Sunrise outside "The Ark" guesthouse at New Day
Thursday morning brought more patients for evaluation and casting. Thursday's group of patients were to meet at the Macha radio station, which had been announcing our upcoming trip for some weeks. Blu went to Macha with the New Day bus to pick everyone up to bring them back to the orphanage for us to see. We had set up a casting area in the garage for prosthetic patients, and John had a table in The Ark set up for evaluating patients.
The "Macha" group of people varied so much from the "Choma" group of people. Patients that we saw at Choma mostly live in a town. People who can live in one of the cities generally have a better quality of life. They had nicer clothes, had shoes, at least one guy had a vehicle that he drove to the clinic, and they had the means to travel distances to see us, as several were from Livingstone which is a few hours away. The people that met at the Macha radio station to come see us are the ones living out in the bush. Many of them did not own shoes, their clothes were very worn, transport is difficult...they often walk or ride a bicycle if they have one.
Before the bus arrived back at New Day with all the patients from Macha, we had a patient that had hired transport by motorcycle and came straight to New Day. It was Joel! We saw Joel last year for a below knee prosthesis. He never came back for fitting, so we had left the prosthesis with Blu and Wes, and we had instructed them on how to fit it if he ever came back. Apparently, he said he never heard his name announced over the radio to come back for fitting. He waited a whole year to get his leg...and this man was so excited to get a prosthesis and walk!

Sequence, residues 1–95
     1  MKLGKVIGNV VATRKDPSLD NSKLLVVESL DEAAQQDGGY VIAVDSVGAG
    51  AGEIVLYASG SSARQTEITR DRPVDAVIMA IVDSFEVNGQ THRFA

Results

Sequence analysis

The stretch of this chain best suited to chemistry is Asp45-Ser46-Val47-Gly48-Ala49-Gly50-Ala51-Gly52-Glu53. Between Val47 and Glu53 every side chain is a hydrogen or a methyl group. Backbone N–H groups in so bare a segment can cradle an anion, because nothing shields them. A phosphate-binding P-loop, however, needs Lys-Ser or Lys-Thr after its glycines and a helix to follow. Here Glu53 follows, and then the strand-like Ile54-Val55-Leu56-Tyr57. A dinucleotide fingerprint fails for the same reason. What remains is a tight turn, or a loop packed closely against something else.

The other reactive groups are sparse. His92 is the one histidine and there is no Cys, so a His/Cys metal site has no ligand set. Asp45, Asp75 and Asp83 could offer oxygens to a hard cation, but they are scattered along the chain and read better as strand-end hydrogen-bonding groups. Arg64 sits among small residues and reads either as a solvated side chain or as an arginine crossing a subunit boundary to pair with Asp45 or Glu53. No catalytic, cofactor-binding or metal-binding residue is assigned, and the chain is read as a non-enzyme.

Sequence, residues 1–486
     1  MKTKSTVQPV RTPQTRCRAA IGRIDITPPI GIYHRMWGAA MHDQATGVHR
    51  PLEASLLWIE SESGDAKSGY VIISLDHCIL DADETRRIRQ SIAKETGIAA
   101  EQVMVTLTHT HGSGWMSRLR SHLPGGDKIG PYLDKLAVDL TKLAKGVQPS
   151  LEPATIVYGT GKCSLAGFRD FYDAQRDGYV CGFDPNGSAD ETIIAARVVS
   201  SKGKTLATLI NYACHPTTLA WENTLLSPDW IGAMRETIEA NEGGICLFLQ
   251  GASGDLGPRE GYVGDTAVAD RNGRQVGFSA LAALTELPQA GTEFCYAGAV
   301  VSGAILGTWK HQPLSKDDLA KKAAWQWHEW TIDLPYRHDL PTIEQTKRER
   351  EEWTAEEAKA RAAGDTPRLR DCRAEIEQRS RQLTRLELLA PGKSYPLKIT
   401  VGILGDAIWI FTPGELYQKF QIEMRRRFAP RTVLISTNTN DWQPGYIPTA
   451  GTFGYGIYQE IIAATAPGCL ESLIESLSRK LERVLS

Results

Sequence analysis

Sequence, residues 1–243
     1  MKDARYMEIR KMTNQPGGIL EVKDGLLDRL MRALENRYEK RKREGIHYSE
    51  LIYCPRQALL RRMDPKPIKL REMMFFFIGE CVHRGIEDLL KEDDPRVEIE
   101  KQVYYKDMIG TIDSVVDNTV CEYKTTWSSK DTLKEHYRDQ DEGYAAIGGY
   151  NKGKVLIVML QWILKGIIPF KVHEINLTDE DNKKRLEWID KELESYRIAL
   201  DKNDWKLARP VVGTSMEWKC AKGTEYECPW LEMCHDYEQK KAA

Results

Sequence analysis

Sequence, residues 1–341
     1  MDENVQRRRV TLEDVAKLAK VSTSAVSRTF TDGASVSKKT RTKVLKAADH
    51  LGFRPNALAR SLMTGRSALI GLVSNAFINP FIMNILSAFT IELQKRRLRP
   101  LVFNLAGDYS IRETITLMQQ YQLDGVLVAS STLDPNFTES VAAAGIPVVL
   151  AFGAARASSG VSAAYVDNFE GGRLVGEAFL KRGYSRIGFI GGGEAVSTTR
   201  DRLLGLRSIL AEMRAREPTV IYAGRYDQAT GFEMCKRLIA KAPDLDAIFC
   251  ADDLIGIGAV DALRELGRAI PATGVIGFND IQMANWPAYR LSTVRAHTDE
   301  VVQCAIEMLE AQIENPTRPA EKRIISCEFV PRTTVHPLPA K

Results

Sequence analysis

Chris and I were so excited Joel had come back...it bothered us so much that he wasn't able to get his leg last year. This is Chris and Joel praying together before fitting. We were both so emotional on this fitting.
Chris fitting Joel with the prosthesis made last year...it fit great! The man standing behind is Fence, who did translating for us.
Chris teaching Joel how to walk with the prosthesis. He had crutches but quickly put those aside, because he wanted to walk independently.
Joel on the motorbike as he's leaving...incredibly excited!
Another patient who came before the Macha group arrived was Killion. I made Killion's prosthesis last year. He is a below knee amputee due to a car accident, and he was a truck driver who was able to return to work after being fit with the prosthesis. He brought the prosthesis I made with him and was wearing one that he had gotten in the city of Ndola. His leg had atrophied so the prosthesis I made became ill fitting. He was able to purchase a new leg for 4,000 kwacha (about $550 USD). His leg had become more atrophied since being fit with the newer prosthesis, so I gave him a liner to take up the volume and adjusted the height of the prosthesis for him. He left the older prosthesis I made him last year so I could use the parts for other people.